A versatile professional, de Silva also served as a lecturer and examiner at the General Sir John Kotelawala Defence University and at the Sri Lanka Law College. He was a member of the Law Commission of Sri Lanka and also served the Child Protection Authority and the Drugs Control Board.
In the Attorney General’s Department, de Silva is best remembered for his work in the Criminal Division which he headed for ten years. It was a difficult time as terrorism related prosecutions and political pressures mounted but de Silva ensured that the Department rose to the challenge.
C. R. De Silva was appointed Attorney General by President Mahinda Rajapaksa. It was well known that they had a long and personal friendship dating back to their days at Law College, but no one claimed that the President was rewarding an old friend: De Silva was an obvious choice for the job.
De Silva retired as Attorney General in 2009 and when then Chief Justice Sarath N Silva also retired shortly afterwards, there was speculation that he would be offered the top job in the judiciary. He wasn’t and he reverted to the private bar where his services were eagerly sought as a criminal lawyer.
In 2010, President Rajapaksa appointed de Silva to head the LLRC. It was de Silva’s most challenging assignment yet as the international community, egged on by pro-Eelamist campaigners in western countries were demanding a war crimes probe against Sri Lanka and its leaders.
" De Silva prosecuted many cases that attracted a great deal of public attention. Among them were the Customs Chief Amarapala murder case, the Tony Martin murder trial, the Rita Manoharan trial-at-bar, Father Singarayer’s trial on terrorism charges and the Justice Sarath Ambepitiya murder case "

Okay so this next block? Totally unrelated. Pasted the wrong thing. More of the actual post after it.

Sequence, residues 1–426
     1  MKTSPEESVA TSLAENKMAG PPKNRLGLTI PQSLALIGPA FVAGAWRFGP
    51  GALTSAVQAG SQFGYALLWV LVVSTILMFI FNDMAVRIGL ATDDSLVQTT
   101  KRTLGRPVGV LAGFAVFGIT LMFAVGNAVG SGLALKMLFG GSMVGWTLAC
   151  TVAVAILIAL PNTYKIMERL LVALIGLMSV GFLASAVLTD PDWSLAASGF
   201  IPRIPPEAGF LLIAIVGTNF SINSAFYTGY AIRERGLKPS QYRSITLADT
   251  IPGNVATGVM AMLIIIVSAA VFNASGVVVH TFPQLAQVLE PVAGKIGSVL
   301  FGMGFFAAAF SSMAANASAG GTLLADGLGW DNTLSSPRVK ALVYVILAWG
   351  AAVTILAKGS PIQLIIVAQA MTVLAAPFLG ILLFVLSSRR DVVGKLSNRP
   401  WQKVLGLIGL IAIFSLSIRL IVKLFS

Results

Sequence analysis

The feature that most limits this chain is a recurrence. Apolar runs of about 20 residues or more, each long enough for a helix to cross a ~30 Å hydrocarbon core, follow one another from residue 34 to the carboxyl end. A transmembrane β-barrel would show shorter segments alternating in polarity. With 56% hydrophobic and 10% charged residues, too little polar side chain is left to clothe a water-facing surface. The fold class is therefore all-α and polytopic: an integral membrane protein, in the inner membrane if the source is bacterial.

Pooh-poohed by the pundits, the LLRC set about its task diligently. Although some international agencies criticised its findings for what they claimed were its “failure to meet minimum international standards or offer protection to witnesses”, the LLRC’s recommendations were widely accepted.
Two years later, when the government chose to hastily impeach Chief Justice Shirani Bandaranayake, de Silva was enjoying a thriving legal practice. Faced with the prospect of replacing Chief Justice Bandaranayake, de Silva, much respected for his integrity, seemed the ideal choice.
It is known that President Rajapaksa personally visited his old friend unannounced at his private residence and made the request. That de Silva politely declined the offer and President Rajapaksa’s acceptance of that is a reflection of the respect that de Silva commanded.
Towards the latter stages of his life, de Silva was avidly engaging in social service activities, promoting causes close to his heart and also contributing much of his time to his alma mater, Royal College where he was a livewire in the Royal College Union.
C. R. “Bulla” de Silva will be remembered not only as an excellent lawyer but also as a man of character. His family, including his wife Kamalini who is the Secretary to the Ministry of Justice, can take solace from the fact that his was a life that that was lived honestly and lived to the full.